Buzzer, a mobile platform for live sports aimed at youth, has renewed its deals with the NBA and WNBA to allow fans to watch out-of-market games via their League Pass streaming services.
The deals are for several years, though Buzzer hasn’t disclosed the number of years or any financial details. Buzzer pays a rights fee, and the company and the leagues will share in the revenue generated when people pay for access to games through Buzzer. The agreements are for the regular season only and do not include the playoffs.
Buzzer, founded in 2020, previously had a deal with the NBA for the final six weeks of the 2020-21 season and the entire 2021-22 season and with the WNBA for The last three and a half weeks of the 2021 season and the entire 2022 season.
By downloading iOs or Android apps from Buzzer, fans can get alerts on their mobile phones when games are being played and when there are close scores or other events that may be of interest. They can then pay as little as 99 cents to watch the fourth quarter and overtime for games and up to $5.99 for a full game. They can also purchase full access to the NBA League Pass, which costs $99.99 for the entire season without commercials, and the WNBA League Pass, which cost $24.99 for the 2022 season that ended last month.
As of now, Buzzer only offers in-app purchases for off-market NBA and WNBA games. Buzzer founder and CEO Bo Han, a former Twitter executive, said the company hopes to announce agreements with other leagues in the coming months, although nothing has been finalized.
“Buzzer has proven successful in reaching next-generation fans, and the renewed partnership with both the NBA and WNBA is testament to Buzzer’s unique approach to attracting a growing audience that is out of step with traditional television,” said Steve Pagliuca, Boston Celtics co-owner and Buzzer investor. , in a statement. “For a two-year-old startup, this is an amazing confirmation and I look forward to seeing how Buzzer will continue to innovate and roll out features that bring mobile basketball fans back into the direct window.”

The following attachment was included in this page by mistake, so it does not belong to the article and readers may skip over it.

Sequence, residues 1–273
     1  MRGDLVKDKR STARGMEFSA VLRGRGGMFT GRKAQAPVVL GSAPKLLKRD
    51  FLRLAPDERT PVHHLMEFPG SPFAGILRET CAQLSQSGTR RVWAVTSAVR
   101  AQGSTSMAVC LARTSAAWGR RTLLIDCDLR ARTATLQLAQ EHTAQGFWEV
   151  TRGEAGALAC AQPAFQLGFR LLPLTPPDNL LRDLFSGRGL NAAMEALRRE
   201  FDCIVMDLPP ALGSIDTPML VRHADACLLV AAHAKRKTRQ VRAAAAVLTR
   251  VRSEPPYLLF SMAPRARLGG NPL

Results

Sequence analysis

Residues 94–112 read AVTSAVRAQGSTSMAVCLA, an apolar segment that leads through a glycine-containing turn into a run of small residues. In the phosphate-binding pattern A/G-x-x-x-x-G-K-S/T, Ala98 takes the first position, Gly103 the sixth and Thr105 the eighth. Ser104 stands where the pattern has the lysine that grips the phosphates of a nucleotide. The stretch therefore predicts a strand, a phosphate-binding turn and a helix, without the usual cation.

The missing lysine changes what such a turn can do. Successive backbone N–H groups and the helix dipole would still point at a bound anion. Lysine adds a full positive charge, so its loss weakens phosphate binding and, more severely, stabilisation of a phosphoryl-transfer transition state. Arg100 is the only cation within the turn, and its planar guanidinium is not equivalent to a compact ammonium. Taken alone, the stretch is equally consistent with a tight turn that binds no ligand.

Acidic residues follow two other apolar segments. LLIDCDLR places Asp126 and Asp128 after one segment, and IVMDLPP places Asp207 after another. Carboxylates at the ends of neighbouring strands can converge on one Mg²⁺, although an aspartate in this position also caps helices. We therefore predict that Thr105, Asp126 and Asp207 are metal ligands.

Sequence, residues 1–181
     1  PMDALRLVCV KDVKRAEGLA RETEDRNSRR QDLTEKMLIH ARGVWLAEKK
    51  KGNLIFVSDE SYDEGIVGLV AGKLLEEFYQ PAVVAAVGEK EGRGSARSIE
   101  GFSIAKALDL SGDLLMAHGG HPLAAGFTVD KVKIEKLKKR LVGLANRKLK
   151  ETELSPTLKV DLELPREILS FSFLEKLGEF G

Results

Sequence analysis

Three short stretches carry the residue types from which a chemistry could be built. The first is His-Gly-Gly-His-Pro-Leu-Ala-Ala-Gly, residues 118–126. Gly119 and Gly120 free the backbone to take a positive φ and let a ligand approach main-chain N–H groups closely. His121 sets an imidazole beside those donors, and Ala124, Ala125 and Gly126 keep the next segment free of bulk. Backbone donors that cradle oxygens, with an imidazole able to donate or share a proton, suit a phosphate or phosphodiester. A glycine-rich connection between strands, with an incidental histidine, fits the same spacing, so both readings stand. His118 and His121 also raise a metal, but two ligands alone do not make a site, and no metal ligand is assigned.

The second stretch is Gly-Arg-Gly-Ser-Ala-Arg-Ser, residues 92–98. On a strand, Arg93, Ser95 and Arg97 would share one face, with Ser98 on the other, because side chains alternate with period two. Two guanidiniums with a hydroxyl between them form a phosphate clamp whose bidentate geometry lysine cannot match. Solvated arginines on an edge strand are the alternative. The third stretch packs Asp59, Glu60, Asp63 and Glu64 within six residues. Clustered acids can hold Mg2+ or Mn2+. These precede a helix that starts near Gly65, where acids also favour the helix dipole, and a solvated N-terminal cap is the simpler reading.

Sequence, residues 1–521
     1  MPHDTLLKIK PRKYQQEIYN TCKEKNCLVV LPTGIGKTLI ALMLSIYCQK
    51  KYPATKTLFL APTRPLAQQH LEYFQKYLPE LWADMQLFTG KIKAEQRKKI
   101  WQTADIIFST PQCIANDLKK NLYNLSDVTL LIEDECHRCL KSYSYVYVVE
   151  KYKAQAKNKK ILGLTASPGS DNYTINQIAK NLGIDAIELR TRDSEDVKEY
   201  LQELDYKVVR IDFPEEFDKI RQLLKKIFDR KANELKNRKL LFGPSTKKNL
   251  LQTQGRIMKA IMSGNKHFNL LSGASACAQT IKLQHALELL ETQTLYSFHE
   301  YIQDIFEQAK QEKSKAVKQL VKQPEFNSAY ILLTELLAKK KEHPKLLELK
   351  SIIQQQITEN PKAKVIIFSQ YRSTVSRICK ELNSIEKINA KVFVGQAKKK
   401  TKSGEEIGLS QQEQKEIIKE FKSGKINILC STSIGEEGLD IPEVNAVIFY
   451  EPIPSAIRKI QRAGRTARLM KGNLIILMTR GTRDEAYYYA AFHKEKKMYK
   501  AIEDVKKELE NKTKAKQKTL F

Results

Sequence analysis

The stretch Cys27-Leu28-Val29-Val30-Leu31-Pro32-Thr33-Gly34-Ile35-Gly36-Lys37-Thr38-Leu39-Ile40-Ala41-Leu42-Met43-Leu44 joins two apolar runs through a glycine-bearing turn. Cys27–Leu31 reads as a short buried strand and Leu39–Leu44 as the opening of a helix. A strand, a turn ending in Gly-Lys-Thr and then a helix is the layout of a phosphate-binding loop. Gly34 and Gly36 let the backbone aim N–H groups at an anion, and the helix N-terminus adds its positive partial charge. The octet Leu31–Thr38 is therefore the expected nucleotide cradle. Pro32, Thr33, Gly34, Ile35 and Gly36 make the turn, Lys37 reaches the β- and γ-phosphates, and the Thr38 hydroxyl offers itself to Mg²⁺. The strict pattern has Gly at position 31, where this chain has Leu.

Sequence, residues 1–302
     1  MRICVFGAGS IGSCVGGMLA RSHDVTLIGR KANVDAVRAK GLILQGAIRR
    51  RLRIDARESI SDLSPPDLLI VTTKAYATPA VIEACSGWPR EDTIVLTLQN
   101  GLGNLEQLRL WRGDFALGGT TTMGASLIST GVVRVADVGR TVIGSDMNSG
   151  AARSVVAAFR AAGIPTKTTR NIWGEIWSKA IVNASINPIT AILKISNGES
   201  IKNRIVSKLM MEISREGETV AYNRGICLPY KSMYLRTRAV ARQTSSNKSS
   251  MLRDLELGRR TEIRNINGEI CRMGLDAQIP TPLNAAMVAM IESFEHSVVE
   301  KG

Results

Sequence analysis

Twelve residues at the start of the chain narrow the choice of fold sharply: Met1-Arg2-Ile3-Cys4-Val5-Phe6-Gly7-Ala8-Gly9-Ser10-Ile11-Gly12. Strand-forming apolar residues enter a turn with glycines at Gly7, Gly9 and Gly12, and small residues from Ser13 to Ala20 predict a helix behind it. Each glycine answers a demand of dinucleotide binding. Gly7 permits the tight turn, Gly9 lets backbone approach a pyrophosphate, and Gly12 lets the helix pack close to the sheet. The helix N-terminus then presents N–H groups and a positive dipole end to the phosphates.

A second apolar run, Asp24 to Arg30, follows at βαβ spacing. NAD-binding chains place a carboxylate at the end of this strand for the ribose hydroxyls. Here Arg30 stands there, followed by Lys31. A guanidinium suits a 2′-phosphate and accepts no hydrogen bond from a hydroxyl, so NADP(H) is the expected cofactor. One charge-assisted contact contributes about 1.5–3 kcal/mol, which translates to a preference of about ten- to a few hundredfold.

In June, Sportico mentioned Buzzer recently laid off 20% of its employees and it was seek To raise at least $20 million in funding. The company, which now has 42 full-time employees according to Hahn, raised an initial $4 million round in March 2020 and a $20 million Series A round in March 2021, led by Sapphire Sport and Canaan Partners.
Michael Jordan, the former NBA star who is now majority owner of the Charlotte Hornets, he is An investor in Buzzer. Several athletes have invested in Buzzer, too, including Kansas City Chiefs quarterback Patrick Mahomes, New York Liberty guard Sabrina Ionescu, tennis player Naomi Osaka, and hockey stars Auston Matthews and Conor McDavid.
Hahn said Buzzer plans to complete another funding round sometime next year, but did not say how much money the company is looking to raise. He admitted that it has become difficult for startups to raise money this year.